Today, markets are dominated by monetary policy, and the environment is complicated in general. Central banks are acting more for either political reasons, as in theECB’s case, or academic, as in the case of the Fed, than for economic reasons, but ultimately, we should be aiming towards more average standards in interest rates. What effect does this have on emerging markets? Robert J. Horrocks, CIO and portfolio manager at Matthews Asia believes that in such environments, the best position is to invest in markets that are independent of the evolution of demand in Europe and the U.S., “Therefore, Asian markets, which are more focused and sensitive to domestic consumption, may be an attractive place to invest.”
At a lunch presentation for a small group of investors in Miami, Horrocks pointed out how, in general, Asian markets have been those which have made the greatest advancements in improving their GDP per capita in relation to that of the U.S. during the last 30 years. Countries like South Korea have gone from having a GDP per capita which was equivalent to 20% of that of the U.S. in 1980 to currently (2010) running very close to 80%. The relative progress for Taiwan is also spectacular, and very noticeable in the case of either China or Thailand. “The secret of these markets is simple, work very hard and save your money, that's how these countries have reached the point where they are now.” Asia is, notes Horrocks, a story of productivity and domestic consumption. In fact, productivity contributes nearly 3 percentage points to GDP growth in countries like China, despite the wage increase, “it is not affecting corporate profits as workers are becoming increasingly more productive and are thus helping the country to sustain a GDP growth of 7% without the assistance of exports”.
However, in recent years, the region has not had a prominent stock market performance. While in the U.S. profit margins have not done anything but improve, in Asia, they have fallen from an average of 9.84% for the EBIT margin during the period 2001-2008, to an EBIT margin of 7.60% during the period 2009-2014. “The margin squeeze is the main reason why Asian markets have underperformed, although in the last year there has been a stabilization, so the growth in earnings per share in the region is catching up to that of the developed world.”
This, coupled with an attractive valuation in absolute terms (according to the consensus, China is trading at an estimated 2014 PER of 9.7x) and especially in relative terms (the U.S. trades at 15.7x according to the same ratio), and the implementation of reformist governments in China, India and Japan, support investment in the region, but above all Asia is “a story of domestic consumption and middle class boom.”
If the current GDP percapita of several Asian countries is placed in a historical context the conclusions are emphatic. There are a significant number of countries which have a percapita GDP equal to that enjoyed by the U.S. in the nineteenth century, for example India, Philippines, Vietnam, and Pakistan. However much China has progressed in recent years, it is still at the stage that the U.S. was in the 1950s in terms of GDP per capita, while Thailand and Malaysia are not much better and have yet to go through the boom of appliances, tourism, and mass consumption. The more developed markets such as Korea and Taiwan are still in the 1980s; only Singapore and Hong Kong has positioned themselves on the threshold of the 21st century.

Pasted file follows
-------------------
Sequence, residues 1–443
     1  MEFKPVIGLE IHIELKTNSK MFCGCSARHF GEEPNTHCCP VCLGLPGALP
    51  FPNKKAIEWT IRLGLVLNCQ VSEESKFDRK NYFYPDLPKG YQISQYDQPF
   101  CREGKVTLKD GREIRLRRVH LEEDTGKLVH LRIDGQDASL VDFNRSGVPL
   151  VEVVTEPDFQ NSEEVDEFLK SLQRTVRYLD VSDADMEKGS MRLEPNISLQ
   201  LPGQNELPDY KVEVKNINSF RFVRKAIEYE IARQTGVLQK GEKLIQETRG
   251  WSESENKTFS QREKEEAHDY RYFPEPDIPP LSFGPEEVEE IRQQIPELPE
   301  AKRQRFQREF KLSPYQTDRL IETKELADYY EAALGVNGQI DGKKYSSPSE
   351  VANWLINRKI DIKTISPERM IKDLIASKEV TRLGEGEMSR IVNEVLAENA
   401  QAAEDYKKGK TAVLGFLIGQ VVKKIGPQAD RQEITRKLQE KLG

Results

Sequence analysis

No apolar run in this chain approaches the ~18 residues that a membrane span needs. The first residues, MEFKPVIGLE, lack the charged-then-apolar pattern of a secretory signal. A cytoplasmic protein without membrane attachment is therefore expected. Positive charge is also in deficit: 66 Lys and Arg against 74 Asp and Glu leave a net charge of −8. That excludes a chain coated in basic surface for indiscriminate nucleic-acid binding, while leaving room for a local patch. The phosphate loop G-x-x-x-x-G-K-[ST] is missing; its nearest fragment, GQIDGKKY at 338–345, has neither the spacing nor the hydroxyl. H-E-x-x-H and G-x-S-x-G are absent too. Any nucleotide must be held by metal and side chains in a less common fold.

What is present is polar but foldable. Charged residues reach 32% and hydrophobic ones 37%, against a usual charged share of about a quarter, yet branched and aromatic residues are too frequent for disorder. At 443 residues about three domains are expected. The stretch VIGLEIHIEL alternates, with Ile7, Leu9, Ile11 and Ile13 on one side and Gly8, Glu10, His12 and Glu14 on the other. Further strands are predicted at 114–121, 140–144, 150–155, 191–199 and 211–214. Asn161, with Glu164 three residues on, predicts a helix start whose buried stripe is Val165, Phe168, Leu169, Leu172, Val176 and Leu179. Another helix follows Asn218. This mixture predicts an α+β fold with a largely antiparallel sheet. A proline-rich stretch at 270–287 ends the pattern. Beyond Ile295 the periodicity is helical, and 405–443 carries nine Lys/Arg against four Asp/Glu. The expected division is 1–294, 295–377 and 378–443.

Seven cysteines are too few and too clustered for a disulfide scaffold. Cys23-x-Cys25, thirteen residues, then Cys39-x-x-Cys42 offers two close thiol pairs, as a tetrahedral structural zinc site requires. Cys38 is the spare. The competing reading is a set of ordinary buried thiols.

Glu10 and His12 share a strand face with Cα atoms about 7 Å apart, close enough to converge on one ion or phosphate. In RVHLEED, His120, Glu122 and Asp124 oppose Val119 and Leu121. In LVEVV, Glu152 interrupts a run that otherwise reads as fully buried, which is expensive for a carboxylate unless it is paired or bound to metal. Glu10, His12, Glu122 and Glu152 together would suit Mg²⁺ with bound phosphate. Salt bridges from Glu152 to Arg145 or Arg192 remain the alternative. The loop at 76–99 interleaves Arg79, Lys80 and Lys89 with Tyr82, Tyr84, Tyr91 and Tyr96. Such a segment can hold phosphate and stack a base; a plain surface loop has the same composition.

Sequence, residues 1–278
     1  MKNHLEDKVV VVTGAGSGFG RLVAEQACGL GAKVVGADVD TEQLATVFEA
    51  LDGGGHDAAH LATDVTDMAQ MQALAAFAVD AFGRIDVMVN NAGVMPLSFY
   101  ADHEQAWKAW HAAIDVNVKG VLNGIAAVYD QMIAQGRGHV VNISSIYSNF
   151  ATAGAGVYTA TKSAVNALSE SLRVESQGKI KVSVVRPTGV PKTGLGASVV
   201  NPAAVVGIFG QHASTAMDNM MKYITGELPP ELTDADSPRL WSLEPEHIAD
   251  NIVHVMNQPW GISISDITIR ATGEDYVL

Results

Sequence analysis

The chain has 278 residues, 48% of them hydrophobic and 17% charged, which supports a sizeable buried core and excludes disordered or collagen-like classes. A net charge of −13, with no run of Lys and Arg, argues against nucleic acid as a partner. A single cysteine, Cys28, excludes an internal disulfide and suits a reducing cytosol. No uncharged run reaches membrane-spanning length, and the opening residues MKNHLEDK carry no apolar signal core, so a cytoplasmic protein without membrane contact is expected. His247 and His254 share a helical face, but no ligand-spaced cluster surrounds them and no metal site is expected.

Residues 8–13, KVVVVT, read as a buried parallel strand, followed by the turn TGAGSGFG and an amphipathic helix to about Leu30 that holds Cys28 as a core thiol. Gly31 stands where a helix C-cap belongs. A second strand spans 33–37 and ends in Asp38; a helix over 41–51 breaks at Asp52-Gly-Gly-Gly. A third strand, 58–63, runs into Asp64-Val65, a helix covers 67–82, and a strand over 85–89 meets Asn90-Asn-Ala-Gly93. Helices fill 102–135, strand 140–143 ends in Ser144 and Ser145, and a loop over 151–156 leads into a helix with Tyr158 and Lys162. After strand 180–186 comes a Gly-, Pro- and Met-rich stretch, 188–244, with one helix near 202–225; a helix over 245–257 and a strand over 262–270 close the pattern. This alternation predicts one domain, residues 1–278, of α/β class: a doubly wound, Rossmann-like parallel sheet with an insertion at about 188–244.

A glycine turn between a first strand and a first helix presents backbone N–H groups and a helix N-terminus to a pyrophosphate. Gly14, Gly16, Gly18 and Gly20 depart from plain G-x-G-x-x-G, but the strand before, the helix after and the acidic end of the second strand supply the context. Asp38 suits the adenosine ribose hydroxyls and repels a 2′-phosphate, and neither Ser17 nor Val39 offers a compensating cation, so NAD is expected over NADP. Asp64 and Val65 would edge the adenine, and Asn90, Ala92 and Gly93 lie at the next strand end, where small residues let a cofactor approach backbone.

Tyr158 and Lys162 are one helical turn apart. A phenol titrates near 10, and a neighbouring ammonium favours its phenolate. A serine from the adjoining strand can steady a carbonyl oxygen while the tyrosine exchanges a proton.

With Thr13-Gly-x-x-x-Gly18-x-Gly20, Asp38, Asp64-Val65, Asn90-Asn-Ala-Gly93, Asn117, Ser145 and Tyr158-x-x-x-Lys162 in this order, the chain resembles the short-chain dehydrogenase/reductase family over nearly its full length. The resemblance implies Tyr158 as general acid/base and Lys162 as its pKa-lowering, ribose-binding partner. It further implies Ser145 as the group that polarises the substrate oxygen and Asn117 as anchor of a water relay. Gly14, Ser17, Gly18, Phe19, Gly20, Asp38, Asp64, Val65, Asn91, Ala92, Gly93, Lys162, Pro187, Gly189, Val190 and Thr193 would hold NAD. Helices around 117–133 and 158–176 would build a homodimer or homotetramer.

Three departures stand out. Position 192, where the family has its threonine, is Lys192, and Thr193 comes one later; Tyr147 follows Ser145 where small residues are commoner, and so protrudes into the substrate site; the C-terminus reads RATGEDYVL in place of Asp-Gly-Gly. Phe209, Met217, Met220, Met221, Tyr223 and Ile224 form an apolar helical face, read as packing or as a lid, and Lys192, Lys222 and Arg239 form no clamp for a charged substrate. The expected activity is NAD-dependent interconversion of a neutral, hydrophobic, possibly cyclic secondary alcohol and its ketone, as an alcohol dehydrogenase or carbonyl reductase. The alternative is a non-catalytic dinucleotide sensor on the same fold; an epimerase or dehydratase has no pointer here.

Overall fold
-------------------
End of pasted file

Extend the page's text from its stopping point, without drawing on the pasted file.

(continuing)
As Asianmarkets go reaching the same levels as those in developed countries, “based on working hard and saving,” as Horrocks pointed out at the beginning of this conversation, it opens “huge opportunities for companies that can exploit the consumer boomof the middle class.” The projections presented by Horrocks pointed out that in 2015, the consumption of the middle class in the Asia Pacific region will represent 30% of the total globally. This percentage will rise to 70% in 2040 at Europe’s and North America’s expense.
Toposition their portfolio accordingly, Horrocks’s team discusses the size of certain industries and even individual consumer companies currently operating in the U.S., as an estimate of where their Asian peers could be in a few years. “For example, we identified that the fast food chain business model has incredible potential within the region, while restaurant chains don’t have the same projection. Another area where we definitely want to be present in the future is that of insurance.” Once we identify a sector or business model “we match that with companies available for investing within the region,” adds Jonathan D. Schuman, director of Global Business Development at Mathews Asia, who accompanied Horrocks the presentation. “Likewise, one of the sectors that we like is healthcare, but there are very few companies in Asia where you can invest on that area, so we are very overweight in relation to the benchmark.”
“We are well awarethat when the middle class emerges, it starts consuming not only products, but mostly intangible services, so we see the huge opportunity which exists long-term in sectors such as the afore mentioned insurance and health,” Horrocks added.
The company’sChief Investment Officer concludes by calling attention to the growing importance of dividends as part of the performance of a portfolio invested in Asia. “We like companies that deliver increasing dividends, not only to provide additional yield to our investment, but also because in a market that suffers from questionable and opaque corporate governance, companies that are committed to paying dividends by force are more transparent in their accounts,” says Horrocks.